Djokovic blames his agent for checking the wrong box on the form, calling it “a human error and certainly not deliberate.” He also sought to clarify what he called “continuing misinformation” about his movements after he became infected last month, though he did not specifically state what inaccuracies he was alluding to.
The 34-year-old remains in limbo before the year’s first tennis major starts Monday, as he still faces the prospect of deportation. It’s a decision that is entirely at the discretion of Australia’s immigration minister, if deemed to be in the public interest for health and safety reasons.
Deportation could result in sanctions ranging up to a three-year ban from entering Australia, a particularly daunting possibility for a player who has won almost half of his 20 Grand Slam singles titles in the country.
Jan. 11, 2022: Djokovic confirmed as No. 1 seed for Australian Open
Although his status remains uncertain, Djokovic is listed as the top seed for the men’s field at the Australian Open. The tournament organizers strictly follow the current rankings in determining seedings and Djokovic is ranked No. 1; he has spent more weeks atop the ATP than any other man in the history of the men’s professional tour’s computerized rankings.
Daniil Medvedev, who defeated Djokovic in the US Open final last year to prevent the Serbian player from capturing a calendar-year Grand Slam, is seeded second. They are followed by Alexander Zverev at No. 3, Stefanos Tsitsipas at No. 4 and Andrey Rublev at No. 5.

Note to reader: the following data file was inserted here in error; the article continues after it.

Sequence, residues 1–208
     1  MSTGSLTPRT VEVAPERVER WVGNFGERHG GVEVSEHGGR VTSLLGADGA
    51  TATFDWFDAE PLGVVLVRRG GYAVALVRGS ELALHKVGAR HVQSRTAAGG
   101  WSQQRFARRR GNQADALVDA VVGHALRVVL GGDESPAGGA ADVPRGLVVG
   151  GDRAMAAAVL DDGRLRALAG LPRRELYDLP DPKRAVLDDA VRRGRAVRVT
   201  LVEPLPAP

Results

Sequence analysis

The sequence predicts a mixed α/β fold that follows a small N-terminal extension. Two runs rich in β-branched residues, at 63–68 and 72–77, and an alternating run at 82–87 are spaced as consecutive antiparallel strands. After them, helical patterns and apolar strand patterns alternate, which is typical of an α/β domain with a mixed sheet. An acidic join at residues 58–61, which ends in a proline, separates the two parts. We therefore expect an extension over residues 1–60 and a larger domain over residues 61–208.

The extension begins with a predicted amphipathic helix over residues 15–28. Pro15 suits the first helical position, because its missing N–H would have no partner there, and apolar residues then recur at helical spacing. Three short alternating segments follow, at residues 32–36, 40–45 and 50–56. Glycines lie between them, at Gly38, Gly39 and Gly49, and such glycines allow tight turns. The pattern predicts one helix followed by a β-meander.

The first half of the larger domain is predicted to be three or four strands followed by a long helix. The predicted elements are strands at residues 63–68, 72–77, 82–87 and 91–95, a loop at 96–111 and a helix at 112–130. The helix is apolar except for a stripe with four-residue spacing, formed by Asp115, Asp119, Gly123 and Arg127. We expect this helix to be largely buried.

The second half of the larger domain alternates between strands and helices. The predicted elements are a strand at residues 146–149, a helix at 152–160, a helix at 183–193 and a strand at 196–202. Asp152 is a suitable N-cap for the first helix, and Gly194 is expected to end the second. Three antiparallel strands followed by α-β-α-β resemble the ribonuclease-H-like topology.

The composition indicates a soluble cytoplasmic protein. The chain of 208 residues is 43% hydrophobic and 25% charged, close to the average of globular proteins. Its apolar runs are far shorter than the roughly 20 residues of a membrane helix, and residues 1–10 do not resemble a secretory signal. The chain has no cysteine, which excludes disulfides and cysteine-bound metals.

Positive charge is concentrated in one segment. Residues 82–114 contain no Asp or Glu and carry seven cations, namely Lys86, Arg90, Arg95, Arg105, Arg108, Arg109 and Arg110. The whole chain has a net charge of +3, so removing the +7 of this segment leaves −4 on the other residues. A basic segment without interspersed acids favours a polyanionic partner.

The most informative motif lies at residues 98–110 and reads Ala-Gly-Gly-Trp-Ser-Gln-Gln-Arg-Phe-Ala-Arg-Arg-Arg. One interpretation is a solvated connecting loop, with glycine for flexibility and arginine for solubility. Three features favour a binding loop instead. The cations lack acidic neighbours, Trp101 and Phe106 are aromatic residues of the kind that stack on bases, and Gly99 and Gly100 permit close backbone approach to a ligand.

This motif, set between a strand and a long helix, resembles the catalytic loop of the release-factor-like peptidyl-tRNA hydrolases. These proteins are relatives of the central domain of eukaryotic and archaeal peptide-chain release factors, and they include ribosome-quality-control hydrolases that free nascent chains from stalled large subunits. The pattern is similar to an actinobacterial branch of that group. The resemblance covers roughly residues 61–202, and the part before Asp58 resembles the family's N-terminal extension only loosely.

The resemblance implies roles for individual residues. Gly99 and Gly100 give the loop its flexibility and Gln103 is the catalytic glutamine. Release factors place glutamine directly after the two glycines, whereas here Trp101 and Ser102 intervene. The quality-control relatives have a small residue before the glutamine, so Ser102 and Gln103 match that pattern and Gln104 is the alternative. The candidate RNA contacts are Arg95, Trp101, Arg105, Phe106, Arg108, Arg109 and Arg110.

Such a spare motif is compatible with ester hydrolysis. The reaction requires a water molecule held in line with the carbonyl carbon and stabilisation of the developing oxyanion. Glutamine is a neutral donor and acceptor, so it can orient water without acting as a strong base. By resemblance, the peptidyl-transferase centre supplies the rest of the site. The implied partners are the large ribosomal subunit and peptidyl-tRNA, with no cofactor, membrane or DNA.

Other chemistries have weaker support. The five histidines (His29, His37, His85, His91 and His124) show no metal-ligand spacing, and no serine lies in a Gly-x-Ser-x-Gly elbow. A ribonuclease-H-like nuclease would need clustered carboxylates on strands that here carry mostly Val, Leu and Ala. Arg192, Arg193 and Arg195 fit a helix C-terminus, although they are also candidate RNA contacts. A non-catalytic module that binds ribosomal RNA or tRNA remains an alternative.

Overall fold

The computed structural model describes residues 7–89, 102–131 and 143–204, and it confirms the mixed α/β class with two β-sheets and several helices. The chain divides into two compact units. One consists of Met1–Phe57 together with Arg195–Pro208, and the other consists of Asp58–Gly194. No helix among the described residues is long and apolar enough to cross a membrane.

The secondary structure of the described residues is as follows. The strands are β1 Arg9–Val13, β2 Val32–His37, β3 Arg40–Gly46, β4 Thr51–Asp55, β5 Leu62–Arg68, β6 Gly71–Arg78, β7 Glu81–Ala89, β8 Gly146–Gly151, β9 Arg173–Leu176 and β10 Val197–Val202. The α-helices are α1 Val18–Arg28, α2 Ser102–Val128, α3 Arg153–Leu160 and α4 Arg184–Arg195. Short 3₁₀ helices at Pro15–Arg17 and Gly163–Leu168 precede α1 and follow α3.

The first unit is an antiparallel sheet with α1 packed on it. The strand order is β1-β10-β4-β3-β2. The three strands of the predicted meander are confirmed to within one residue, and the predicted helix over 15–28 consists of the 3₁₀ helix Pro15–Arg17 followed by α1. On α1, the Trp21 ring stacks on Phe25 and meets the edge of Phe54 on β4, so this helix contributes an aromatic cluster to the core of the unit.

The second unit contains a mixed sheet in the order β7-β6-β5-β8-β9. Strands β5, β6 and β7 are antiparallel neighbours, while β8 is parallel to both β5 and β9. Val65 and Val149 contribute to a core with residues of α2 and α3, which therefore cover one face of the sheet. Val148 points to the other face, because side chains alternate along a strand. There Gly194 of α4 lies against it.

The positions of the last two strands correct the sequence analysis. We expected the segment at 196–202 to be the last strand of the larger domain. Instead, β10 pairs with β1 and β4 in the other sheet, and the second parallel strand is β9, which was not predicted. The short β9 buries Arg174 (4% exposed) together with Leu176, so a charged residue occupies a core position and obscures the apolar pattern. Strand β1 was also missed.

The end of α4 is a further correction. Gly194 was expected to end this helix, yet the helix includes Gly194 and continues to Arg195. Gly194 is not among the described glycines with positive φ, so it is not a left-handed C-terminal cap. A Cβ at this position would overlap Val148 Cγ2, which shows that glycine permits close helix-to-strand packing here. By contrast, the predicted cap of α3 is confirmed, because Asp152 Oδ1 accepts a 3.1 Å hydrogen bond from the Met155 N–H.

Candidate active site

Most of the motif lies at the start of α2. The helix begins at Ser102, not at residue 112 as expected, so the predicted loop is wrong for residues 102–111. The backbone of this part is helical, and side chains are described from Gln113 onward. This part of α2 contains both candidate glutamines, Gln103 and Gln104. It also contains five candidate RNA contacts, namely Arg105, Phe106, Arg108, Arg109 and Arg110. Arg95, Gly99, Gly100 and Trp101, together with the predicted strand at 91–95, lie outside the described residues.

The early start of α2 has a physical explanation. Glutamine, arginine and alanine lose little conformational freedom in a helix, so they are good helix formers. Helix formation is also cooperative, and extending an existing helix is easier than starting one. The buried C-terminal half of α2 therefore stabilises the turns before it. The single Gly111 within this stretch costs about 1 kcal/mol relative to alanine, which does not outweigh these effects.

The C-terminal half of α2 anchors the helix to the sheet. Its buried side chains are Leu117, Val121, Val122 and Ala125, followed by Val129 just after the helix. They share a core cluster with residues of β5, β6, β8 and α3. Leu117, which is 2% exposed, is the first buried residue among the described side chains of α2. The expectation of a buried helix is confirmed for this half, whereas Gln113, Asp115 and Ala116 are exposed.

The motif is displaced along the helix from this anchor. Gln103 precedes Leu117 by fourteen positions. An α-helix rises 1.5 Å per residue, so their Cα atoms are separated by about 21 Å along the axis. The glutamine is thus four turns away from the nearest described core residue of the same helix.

Nadal is seeded sixth. Federer is not playing in the tournament while he continues his recovery from right knee surgery.
Jan. 10, 2022: Djokovic’s visa is reinstated; released from immigration detention
Djokovic appeals the cancellation of his visa at a virtual court hearing on Monday, submitting an affidavit that says he is not vaccinated for COVID-19 and arguing he did not need proof of vaccination because he had evidence that he had been infected with the coronavirus last month. Australian medical authorities have ruled that a temporary exemption for the vaccination rule can be provided to people who have been infected with COVID-19 within six months.
Federal Circuit Court Judge Anthony Kelly reinstates Djokovic’s visa, ruling the player was not given enough time to speak to his lawyers before the decision to deny him entry was made and noting Djokovic had provided officials at Melbourne’s airport with a medical exemption given to him by Tennis Australia and two medical panels. Kelly also orders the government to release Djokovic from immigration detention.